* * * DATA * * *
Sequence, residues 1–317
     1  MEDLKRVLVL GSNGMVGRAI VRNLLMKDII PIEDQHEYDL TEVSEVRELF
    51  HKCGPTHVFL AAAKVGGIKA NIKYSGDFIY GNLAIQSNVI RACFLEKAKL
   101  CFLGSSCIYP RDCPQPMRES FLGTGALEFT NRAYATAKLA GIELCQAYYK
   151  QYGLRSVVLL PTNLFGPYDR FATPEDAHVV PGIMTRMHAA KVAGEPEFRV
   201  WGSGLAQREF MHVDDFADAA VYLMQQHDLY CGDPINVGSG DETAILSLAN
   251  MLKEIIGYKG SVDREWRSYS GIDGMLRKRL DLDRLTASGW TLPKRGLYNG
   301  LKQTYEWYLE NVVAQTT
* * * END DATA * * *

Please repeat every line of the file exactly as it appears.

Sequence, residues 1–317
     1  MEDLKRVLVL GSNGMVGRAI VRNLLMKDII PIEDQHEYDL TEVSEVRELF
    51  HKCGPTHVFL AAAKVGGIKA NIKYSGDFIY GNLAIQSNVI RACFLEKAKL
   101  CFLGSSCIYP RDCPQPMRES FLGTGALEFT NRAYATAKLA GIELCQAYYK
   151  QYGLRSVVLL PTNLFGPYDR FATPEDAHVV PGIMTRMHAA KVAGEPEFRV
   201  WGSGLAQREF MHVDDFADAA VYLMQQHDLY CGDPINVGSG DETAILSLAN
   251  MLKEIIGYKG SVDREWRSYS GIDGMLRKRL DLDRLTASGW TLPKRGLYNG
   301  LKQTYEWYLE NVVAQTT